Indiana Foster Kids Fight Back: A Pending Class-Action Lawsuit Was Filed Against Indiana Department of Child Services, Governor Holcomb

We’re Robert and Kathey Raskin, and we’re delighted to learn that the children in Indiana’s child welfare system are fighting back against the apathy that they’re in. We’re proud of these patriots standing up and claiming what’s theirs: a fair and just examination of the fouled-up system that they’re in here. Their allegations stem from their opinion that Indiana is failing in its duty to protect more than 22,000 children in the state’ child welfare system.

We’ve written about the state of affairs that makes up the welfare system for children in Indiana in the past. We always try and follow up on previously reported locations to provide timely updates on what’s happening out there. We’re not a one and done blog. We stay on top of everything that concerns what we see as the lethargy and corruption that plagues the system worldwide. The entirety of the child welfare system deserves a closer look. We reveal what we can here.

Failure to Protect the Kids

The lawsuit alleges that the nine children – unnamed for their privacy – felt that the state put them in inappropriate, unstable, or overly restrictive settings. They represent a class of 22,000 children who are in DCS custody, as well as an ADA subclass of thousands of children with disabilities who are wards. They didn’t receive the necessary support services and medical care. Their medical care, mental health, and physical needs are hampered by irregular DCS assessments and the lack of available resources.

Furthermore, they weren’t given meaningful case management resulting in delayed or no services and little oversight of a child. All these factors – among many others – allowed children to languish in foster care for years. Eventually, they were reunified with their primary caretakers, adopted, or aged out of the system.

Statistics Mean Nothing Without Tangible Results

The Child Welfare Consulting Group criticized the agency’s disorganization in a 2018 audit. The agency claimed to have made changes – too little, too late, we say – including a 17 percent decrease in total cases since January 2018 and a 14 percent decrease in out-of-home placements. They claim staff turnover is down 18 percent, and attorney caseloads are lessened as well. They added 25 positions since January 2019.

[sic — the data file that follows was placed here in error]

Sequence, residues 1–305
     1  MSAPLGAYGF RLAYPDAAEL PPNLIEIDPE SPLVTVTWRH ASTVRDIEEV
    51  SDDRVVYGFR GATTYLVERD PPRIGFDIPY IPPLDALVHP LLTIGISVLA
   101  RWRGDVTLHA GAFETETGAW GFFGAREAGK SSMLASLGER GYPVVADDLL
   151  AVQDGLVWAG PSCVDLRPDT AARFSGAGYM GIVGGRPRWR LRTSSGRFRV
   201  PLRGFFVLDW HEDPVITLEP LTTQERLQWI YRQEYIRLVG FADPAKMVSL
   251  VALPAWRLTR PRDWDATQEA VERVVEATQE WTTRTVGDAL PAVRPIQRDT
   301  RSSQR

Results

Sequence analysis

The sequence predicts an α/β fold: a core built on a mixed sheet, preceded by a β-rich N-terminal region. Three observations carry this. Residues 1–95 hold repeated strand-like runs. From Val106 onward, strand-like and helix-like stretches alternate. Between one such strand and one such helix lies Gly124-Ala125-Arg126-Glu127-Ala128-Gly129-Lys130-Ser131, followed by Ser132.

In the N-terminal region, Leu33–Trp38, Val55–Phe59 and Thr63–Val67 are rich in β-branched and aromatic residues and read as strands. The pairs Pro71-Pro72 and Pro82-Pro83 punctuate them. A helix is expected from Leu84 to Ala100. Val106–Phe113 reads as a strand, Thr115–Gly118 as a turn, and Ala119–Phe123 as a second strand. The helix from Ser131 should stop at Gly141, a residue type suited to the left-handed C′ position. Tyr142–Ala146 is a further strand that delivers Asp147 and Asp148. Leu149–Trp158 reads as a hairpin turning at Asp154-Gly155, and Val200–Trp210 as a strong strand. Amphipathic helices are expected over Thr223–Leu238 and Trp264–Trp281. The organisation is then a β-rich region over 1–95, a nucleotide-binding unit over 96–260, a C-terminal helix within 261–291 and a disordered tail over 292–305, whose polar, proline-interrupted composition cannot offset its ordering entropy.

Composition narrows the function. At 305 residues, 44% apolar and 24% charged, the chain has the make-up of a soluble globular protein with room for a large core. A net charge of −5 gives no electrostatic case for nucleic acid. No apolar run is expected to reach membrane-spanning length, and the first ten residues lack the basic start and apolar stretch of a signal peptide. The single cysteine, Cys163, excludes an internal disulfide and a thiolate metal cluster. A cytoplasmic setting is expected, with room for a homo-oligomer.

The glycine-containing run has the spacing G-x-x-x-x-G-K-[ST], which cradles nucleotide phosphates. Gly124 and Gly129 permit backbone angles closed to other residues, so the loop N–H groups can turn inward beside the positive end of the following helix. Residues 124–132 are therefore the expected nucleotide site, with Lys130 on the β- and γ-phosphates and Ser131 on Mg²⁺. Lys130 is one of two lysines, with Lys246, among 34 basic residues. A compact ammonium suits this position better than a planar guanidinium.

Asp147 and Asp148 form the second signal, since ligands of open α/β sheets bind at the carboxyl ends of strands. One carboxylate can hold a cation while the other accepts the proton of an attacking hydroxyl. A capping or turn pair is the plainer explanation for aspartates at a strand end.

But the kids are smart. Their lawsuit points this out by alleging DCS appears to focus more on improving statistics. They still failed to properly investigate allegations, or they would send children home too quickly and without necessary services and aftercare. They demand that Indiana transform its foster care system, including acquiring properly trained caseworkers to meet the needs of foster children.

Here’s more information about the lawsuit below:

Indiana’s Poor Deserve Better From DCS

In Indiana, being poor while parenting is a crime, and the punishment is the removal of your children.

Indiana, why aren’t you helping poor parents instead of taking their children away? That is what we, Robert and Kathleen Raskin, will be discussing today. Most states do not consider the inability to provide for your child to be a crime, but Indiana is one of the few that do, despite having no evidence that demonstrates rates of child abuse among the poor are any higher than they are for any other group. In fact, of all reported risk factors children in the state face, the only group that showed higher than average rates of abuse were those families that were suffering from financial issues.

Reports have shown nearly 90% of reported child welfare cases in the state’s system are due to neglect, but is it neglect if a parent can’t pay the bills? If a family is suffering from financial issues that are detrimental to children but the parents are otherwise caring, it is the state’s duty to intervene and act in the child’s best interests. Studies have shown approximately 28% of children are abused in the foster care system, so if they aren’t being abused at home it is most definitely not in their best interests to be removed.

Foster Care Abuse Statistics

  • Nationwide, 71.8% of child fatalities were younger than 3 years old, putting children who are non-verbal and cannot report foster care abuse at higher risk.
  • In Indiana in 2017, 59 children were murdered by foster parents.
  • That same year, 126,719 completed child abuse reports were made between 880 investigators, meaning each investigator averaged 14.45 investigations per year.
  • Physical and sexual abuse reports have declined in Indiana, while cases involving neglect have substantially increased.
  • Rates of substantiated neglect in the state did not increase, only investigations that did not find neglect.
  • In 2017, the state had the nation’s 14th highest opioid overdose rate, which has been fueled by poverty.
  • African-American children are overrepresented in the state’s DCS system, and 28% of those who live in poverty in the state are Black, making this the largest group.

When we know poverty and drug abuse are factors that are leading to the removal of children and it’s not necessarily leading to better outcomes for Indiana’s families, it’s time to take a good, hard look at the system and determine where the disconnect is.

We’ll give you a hint, Indiana lawmakers: The disconnect is located in your most poverty-stricken communities, and it’s time to do something about it instead of kidnapping their children.


Poverty is on the rise in Indiana.


One Indiana mother’s DCS horror story.